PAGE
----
After many years, and an increasing amount of technology, HR Is still a grey area for finance to monitor. Finance accepts that HR is a necessary part of business, but sometimes HR’s decisions are gut based rather than data-driven. As a result, it’s difficult to quantify the strategic business value that HR brings to an organization. However, their are HR metrics finance owners can monitor such as retention rates and workforce productivity to see just how effective HR is in an organization. With this insight, finance can see what is working and not working within HR. Measuring the ROI of HR initiatives through a finance lens helps to see how HR is contributing to a business bottom line.
The ROI formula
Jack Phillips, CEO of ROI Institute, mentions in, “How to Measure the Return on Your HR Investment,” a basic formula that can be used to determine HR’s ROI. It is a simple cost/benefit ratio where the benefits of an HR program are weighed against the the cost of it.
According to his formula:
ROI (%) = (HR program monetary benefits – HR program costs)/HR program costs x 100
In the end, all finance needs to do is gather the data surrounding HR costs and the value it brings, then plug it into this formula to see HR’s ROI. The two basic areas that should be watched are employee engagement and retention. These can be monitored by metrics found in workforce productivity, usage of non-essential benefits and perks, and turnover rates.
Let’s start with the biggest expense that a company has: its workforce. As HR is responsible for recruiting, retention and employee engagement, it will be simple to get a high-level view of HR’s effectiveness by monitoring a workforce’s productivity. Simply use revenue and labor costs as your variables in the formula and see what your workforce’s ROI is. If HR is recruiting the right employees, training them effectively, and engaging employees, then it should be a positive return.
This will be a high-level analysis of data with countless other factors that influence workforce productivity. However, analysis can provide a general idea of how effective HR is in engaging employees in their day-to-day tasks.
Managed hiring decisions
SHRM’s 2016 Human Capital Benchmarking Report states that the average cost-per-hire is $4,129. Investing thousands of dollars into a new hire who has yet to contribute to the organization is a metric to watch. If HR truly took the time to hire the best fit, then overtime that employee will hopefully begin to contribute to growth. However, if that employee quits within a few months then the costs associated can negatively impact the ROI on HR’s hiring processes.
The same report from SHRM indicates that the average time it takes to fill a position is 42 days. With each passing day of a vacant position, there are costs that drain company resources. If HR can find a way to reduce the time to fill a position while still finding a promising new hire, then HR’s ROI will increase. Take the cost of the average number of days spent without a position being filled and run it against processes that help speed up hiring. If HR can still hire effective employees in half the time it normally took, then investments in HR will show a positive ROI.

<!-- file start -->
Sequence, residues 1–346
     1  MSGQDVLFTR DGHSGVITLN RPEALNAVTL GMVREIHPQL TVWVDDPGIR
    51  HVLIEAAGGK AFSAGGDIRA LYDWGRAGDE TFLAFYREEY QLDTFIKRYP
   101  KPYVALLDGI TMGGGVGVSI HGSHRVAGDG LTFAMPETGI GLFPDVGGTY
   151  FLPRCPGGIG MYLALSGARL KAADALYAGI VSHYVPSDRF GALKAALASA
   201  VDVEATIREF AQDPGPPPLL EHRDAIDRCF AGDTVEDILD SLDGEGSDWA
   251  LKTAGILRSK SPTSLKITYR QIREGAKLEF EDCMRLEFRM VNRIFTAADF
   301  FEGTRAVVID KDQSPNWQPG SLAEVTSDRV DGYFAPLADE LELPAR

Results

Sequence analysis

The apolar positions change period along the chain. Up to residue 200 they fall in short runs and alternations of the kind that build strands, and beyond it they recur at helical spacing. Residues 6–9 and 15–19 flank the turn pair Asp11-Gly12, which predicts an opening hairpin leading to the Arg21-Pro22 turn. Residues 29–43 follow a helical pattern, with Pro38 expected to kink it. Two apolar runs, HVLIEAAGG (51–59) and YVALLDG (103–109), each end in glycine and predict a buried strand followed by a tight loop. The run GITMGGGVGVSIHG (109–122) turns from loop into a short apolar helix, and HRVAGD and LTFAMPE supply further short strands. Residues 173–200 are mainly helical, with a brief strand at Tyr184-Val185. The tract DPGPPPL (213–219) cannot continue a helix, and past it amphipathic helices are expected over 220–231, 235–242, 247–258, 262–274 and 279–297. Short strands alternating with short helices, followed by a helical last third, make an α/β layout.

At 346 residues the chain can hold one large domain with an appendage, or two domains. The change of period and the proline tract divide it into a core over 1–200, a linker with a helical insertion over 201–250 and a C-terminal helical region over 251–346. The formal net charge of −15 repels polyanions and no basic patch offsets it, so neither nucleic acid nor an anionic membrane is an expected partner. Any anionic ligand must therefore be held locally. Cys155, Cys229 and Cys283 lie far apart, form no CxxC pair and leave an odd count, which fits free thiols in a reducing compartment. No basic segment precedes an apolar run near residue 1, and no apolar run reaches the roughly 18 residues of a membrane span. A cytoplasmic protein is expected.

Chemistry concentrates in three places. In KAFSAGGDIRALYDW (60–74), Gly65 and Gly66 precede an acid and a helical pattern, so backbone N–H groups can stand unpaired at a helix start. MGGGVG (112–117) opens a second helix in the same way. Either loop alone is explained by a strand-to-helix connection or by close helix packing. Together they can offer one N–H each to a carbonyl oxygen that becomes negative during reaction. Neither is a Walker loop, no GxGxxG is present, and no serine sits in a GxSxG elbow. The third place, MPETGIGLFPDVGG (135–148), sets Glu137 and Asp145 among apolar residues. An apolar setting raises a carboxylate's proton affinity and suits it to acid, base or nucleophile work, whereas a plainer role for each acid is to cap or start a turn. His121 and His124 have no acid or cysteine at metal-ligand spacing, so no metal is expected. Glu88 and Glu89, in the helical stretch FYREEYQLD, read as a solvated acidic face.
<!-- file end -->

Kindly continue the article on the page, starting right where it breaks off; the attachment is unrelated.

A high turnover rate can be one of the largest inhibitors of company growth. Not only does it cost money to terminate or lose an employee, but it also costs more to hire a new one to replace them. HR can help develop strategies to increase retention rates. These include ideas like building company culture and additional training; regardless of the ideas it will cost time and resources. For each HR activity, calculate the costs of the strategies and your own retention goals. Were you able to lower your turnover rate and lose only two employees this quarter instead of four? If that’s the case, take the average cost of every lost employee and put that towards the monetary benefits of HR’s retention strategies.
Non-essential benefits and perks
Many businesses offer non-essential benefits and perks to their employees such as free gym memberships, free lunches or even services like on-site dry cleaning. However, not all benefits and perks are wanted or even used by employees. To know if certain perks are effective or not, weigh the cost of the perks with the boost of engagement and retention. Did that $3,000 ping-pong table in the break room help an employee become more productive? Monitor employee usage of benefits and perks. If no employees are using a perk or benefits but retention is still high, then it may not be contributing to the ROI your company needs for growth.
Of course, not every aspect of HR can be measured with an exact ROI percentage. For example, conducting employee satisfaction surveys and direct feedback may not be the most accurate or quantifiable. Overall, HR’s impact can influence a company’s bottom line, just make sure you do the math to see what the ROI really is.
About the Author
Gary is the Director of Finance for Zuman. He has over two decades of experience in finance from working in a variety of positions such as financial consultant and Sr. Director of Finance Operations. Gary holds a BS in accounting from San Jose State University.More Content by Gary Bryson